Family portraits are valued items that give us a unique snapshot of a moment in time and through those image memories that can be cherished for years to come. Such images can also become an important historical record.
But not everyone in the community has access to such images and there may be pieces of one’s past that are unknown due to a loss of photographs, which also becomes a gap in the historical records.
Trying to obtain images from previous generations can be difficult, but one researcher is doing all she can to use the past to change the future.
Professor Jane Lydon, an ARC Future Fellow and the new Wesfarmers Chair of Australian History at the University of Western Australia, wants to establish visual history as a key aspect of Australian and Indigenous historiography.
Professor Lydon is using her Fellowship to reverse the previous flow of a significant heritage resource of Indigenous Australians to European collections, and to make those precious documents available to the communities, relatives and descendants of the Aboriginal people in the photographs.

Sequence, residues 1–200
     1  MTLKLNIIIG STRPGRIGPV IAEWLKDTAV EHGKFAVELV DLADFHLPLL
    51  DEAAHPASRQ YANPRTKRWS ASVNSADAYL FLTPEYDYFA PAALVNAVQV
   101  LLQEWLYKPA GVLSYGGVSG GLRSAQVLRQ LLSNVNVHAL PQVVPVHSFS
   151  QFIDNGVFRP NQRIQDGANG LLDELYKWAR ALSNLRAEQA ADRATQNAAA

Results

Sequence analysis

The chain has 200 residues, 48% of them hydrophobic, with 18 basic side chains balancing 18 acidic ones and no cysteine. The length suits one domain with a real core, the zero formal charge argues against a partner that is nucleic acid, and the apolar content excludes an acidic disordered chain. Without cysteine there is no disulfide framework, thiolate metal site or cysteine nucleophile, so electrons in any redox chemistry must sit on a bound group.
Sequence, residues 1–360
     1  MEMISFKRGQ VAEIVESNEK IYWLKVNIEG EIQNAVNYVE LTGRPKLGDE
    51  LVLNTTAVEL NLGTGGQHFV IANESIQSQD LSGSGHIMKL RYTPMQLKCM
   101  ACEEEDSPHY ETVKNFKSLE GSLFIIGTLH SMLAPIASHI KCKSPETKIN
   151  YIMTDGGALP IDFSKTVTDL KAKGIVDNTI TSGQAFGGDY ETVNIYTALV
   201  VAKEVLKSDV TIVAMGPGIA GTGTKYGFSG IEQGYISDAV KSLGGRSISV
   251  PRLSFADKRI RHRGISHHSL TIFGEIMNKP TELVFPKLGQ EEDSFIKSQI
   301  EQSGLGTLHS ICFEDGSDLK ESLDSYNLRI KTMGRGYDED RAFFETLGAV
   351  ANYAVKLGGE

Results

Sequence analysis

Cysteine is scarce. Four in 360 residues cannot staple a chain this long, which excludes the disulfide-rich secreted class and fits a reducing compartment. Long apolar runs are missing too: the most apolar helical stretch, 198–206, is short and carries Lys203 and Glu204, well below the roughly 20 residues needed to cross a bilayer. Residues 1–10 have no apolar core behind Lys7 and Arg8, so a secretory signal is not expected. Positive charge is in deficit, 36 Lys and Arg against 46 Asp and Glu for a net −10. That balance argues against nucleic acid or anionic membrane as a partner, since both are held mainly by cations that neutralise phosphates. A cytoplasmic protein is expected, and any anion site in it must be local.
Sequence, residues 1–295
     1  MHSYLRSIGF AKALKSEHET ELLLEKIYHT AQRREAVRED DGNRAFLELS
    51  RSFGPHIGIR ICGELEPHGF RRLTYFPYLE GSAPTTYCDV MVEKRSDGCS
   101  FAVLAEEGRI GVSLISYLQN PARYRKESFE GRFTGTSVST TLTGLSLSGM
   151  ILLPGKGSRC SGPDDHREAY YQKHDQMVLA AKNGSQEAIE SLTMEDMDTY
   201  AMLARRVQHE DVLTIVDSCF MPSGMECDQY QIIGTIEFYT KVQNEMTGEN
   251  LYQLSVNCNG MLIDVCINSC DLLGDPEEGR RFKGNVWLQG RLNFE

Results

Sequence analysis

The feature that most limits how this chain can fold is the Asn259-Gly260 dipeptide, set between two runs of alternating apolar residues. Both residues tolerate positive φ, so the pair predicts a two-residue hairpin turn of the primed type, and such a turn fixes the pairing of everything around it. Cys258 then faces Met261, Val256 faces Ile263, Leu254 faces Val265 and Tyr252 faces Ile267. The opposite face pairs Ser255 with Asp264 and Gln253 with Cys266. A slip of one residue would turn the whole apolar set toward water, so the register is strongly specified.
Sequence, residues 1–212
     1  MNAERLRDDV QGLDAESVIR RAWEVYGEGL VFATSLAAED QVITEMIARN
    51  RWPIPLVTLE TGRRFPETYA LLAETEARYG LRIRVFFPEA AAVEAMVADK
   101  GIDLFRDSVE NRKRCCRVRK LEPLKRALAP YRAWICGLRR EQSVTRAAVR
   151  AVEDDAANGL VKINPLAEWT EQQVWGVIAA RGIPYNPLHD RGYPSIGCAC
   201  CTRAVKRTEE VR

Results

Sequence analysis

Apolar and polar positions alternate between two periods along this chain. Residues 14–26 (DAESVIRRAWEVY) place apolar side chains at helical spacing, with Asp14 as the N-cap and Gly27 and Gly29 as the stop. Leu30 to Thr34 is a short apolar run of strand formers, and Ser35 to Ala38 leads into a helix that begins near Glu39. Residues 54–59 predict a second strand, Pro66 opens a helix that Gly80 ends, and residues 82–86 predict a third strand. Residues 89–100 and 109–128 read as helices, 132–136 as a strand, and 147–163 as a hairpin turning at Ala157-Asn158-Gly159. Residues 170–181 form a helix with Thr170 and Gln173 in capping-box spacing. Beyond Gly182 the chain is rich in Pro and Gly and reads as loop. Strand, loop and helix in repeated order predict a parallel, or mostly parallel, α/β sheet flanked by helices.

“To do this we need to return those images—which are often in museum collections held overseas in Europe, having been collected by European explorers from the mid-nineteenth century—to Australia and to the descendants of the people in the photographs,” Professor Lydon said.
“Today they are very much valued as family portraits, they also document a colonial past that isn’t otherwise available through documented images, and they document cultural heritage and cultural traditions that may not have been remembered or recorded in other ways.”